Coronavirus has pushed up to 40 million people in Africa into extreme poverty, the World Bank reports. The hardest hit include women, young people, and those with limited work skills or employed in the informal sector. With the continent already facing challenges providing work for a growing youth population, the need to invest in skills has never been greater.
Support for effective training in the clean energy sector, backing courses designed to meet the needs of frontline enterprises and organisations, is a pathway to positive change across Africa. Action would help address the fact that 567 million African people go without access to electricity, and 923 million are put in danger by polluting stoves and cooking fires.
In addition to enhancing energy access, it would also strengthen livelihoods, set countries on the path to low carbon development, and help communities prepare for the worsening effects of climate change. Investing in skills for the clean energy sector is a vital first step towards more efficient farming, sustainable cooling and better equipped health centres.
African pioneers are already breaking new ground, with training innovation targeted at the most marginalised groups and communities. It’s vital that policymakers and funders support these efforts — by mainstreaming energy access skills at the COP27 climate talks this November.
African innovators close the skills gap
Togo’s Energy Generation is a pioneering training provider, supporting West African entrepreneurs and technicians, with a focus on empowering women.
Its work is internationally accredited and backed by energy businesses. A two-year course blends engineering with business skills — powering up a new generation of African innovators.
In its well-equipped fabrication laboratory, entrepreneurs work on ‘Made in Africa’ solutions: from solar-powered wheelchairs to systems extracting energy from food waste.
Energy Generation also offers shorter courses training electricians to install and maintain solar technology. Across the organisation’s work, 70% of trainees are women.
Meanwhile, in Zimbabwe, Zonful Energy is expanding the country’s skills base to support the growth of clean energy. The company is a retailer of off-grid solar products, with innovative training at the heart of its business model.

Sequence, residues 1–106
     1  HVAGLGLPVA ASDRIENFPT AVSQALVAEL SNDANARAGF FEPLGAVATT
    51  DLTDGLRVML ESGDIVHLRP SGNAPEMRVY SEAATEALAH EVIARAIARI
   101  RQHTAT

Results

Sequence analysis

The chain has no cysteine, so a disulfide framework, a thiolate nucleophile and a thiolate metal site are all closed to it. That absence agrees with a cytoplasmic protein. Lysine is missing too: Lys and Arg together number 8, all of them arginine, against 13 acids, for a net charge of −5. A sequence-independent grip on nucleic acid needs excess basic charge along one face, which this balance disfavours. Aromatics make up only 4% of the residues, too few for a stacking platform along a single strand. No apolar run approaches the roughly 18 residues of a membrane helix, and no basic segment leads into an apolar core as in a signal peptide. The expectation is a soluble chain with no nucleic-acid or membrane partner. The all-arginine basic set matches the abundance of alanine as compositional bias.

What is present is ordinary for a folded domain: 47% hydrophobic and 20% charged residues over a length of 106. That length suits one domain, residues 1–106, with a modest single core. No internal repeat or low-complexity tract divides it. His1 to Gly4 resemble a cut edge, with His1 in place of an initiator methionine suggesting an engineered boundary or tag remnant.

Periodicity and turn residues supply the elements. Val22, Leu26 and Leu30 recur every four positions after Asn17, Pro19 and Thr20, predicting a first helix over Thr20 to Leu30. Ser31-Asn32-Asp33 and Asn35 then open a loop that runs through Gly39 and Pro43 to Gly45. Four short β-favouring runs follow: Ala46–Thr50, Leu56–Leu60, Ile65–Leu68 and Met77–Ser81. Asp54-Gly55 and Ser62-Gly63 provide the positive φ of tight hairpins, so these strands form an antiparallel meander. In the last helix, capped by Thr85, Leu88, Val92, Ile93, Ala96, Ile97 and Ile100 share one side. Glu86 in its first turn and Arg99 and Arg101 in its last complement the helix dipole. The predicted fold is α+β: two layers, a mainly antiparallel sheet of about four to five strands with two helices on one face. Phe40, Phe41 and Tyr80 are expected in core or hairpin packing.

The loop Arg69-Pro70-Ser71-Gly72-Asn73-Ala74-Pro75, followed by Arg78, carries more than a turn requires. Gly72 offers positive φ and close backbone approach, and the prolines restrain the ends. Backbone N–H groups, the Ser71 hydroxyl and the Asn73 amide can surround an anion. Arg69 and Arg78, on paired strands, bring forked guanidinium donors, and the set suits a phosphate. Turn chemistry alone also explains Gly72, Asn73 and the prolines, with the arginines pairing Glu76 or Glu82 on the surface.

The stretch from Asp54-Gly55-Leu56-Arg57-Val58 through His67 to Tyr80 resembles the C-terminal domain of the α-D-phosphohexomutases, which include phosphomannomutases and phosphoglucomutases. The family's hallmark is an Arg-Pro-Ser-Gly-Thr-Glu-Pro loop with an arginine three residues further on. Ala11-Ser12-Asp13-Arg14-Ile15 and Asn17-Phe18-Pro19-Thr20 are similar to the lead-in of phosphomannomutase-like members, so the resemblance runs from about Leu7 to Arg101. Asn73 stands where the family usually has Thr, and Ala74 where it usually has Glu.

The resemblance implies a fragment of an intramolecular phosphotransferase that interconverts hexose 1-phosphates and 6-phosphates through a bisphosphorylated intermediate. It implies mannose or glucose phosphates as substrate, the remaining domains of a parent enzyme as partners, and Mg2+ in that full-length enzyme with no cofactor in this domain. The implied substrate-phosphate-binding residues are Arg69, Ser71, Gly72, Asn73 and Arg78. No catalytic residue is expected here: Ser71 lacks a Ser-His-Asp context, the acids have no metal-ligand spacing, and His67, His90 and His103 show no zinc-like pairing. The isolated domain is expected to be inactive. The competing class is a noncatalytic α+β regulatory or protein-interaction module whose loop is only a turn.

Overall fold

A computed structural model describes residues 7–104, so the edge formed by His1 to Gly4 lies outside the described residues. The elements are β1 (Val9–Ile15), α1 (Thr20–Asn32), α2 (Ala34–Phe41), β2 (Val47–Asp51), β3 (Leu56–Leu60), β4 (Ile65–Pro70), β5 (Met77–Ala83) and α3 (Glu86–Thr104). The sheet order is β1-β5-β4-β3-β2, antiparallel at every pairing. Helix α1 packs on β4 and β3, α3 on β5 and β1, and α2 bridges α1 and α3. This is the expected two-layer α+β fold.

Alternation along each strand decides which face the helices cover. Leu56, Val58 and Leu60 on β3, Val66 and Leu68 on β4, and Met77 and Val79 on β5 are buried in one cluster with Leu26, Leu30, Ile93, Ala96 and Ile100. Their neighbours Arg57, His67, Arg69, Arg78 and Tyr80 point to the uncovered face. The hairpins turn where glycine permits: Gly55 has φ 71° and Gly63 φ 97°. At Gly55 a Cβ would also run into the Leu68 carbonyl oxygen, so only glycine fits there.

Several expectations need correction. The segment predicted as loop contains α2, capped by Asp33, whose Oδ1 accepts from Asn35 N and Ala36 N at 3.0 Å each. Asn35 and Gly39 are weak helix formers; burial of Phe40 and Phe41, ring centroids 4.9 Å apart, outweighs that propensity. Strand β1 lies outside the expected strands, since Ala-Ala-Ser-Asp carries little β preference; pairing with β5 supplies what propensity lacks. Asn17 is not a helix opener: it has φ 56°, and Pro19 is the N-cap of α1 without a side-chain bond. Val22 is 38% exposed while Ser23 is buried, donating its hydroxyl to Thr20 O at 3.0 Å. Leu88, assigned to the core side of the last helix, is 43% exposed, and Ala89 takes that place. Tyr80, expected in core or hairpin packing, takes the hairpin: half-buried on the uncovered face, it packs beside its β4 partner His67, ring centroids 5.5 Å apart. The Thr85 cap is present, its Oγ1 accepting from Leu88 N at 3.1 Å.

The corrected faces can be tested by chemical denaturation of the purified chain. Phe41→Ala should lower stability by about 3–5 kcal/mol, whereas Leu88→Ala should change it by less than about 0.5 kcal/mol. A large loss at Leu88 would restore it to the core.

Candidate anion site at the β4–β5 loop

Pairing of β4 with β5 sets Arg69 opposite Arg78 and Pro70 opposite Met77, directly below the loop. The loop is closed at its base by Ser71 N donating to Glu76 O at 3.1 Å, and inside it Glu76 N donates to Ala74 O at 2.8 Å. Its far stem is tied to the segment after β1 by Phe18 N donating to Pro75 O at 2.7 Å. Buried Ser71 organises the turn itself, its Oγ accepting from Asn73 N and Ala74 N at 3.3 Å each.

Zonful has trained 6,000 technicians and sales agents, working in partnership with Zimbabwean universities and NGOs. It focuses on recruiting women and people from rural communities, and its approach is practical and ‘hands on’ — with a month-by-month programme that helps make training affordable to a wider range of people.
A pipeline of trainees has helped the organisation install 48,000 solar home systems, powering lights, phones, and technology to help people make a living.
Trainees not directly recruited by Zonful are helped to find work as freelance contractors, through a Zonful-run app and phone line that connects technicians with potential customers. Zonful’s links with NGOs have even helped some graduates secure funding to start their own solar businesses.
Use COP27 to power up energy access skills
Zonful, and many other African enterprises and organisations, are already delivering powerful homegrown clean energy solutions — supporting jobs and livelihoods and helping people farm more efficiently, study at night and cook safely. Leading African governments are enabling this with inclusive national and regional clean energy access initiatives, made possible by strong international support.
These efforts can prepare Africa for the effects of a changing climate, and boost the continent’s transition to an economic powerhouse, with opportunities for its growing youth population. Clean energy brings these benefits faster, and to more people, than new high-carbon energy infrastructure.
However, clean energy innovation — at the grassroots, regional and national level — needs greater investment from the international community, including more support for skills and training.
The COP climate talks can unlock this support, dramatically accelerating climate justice. Action would drive economic growth and raise living standards, create more resilient communities, and help countries move towards a low carbon future.
COP27 — Africa’s COP, taking place in November 2022 — is a unique opportunity to shift the focus of global climate action towards the priorities of low-income nations.
Speaking with a united voice, and equipped with a compelling business case for investment, African leaders can secure this change. The more Africa’s policymakers, businesses and civil society back this effort, the greater the benefits created across the continent.
To be a part of a conversation that explores the skills and training that are needed to strengthen the solar appliance sector, boost green skills, and accelerate a just clean energy transition — follow the Efficiency for Access campaign.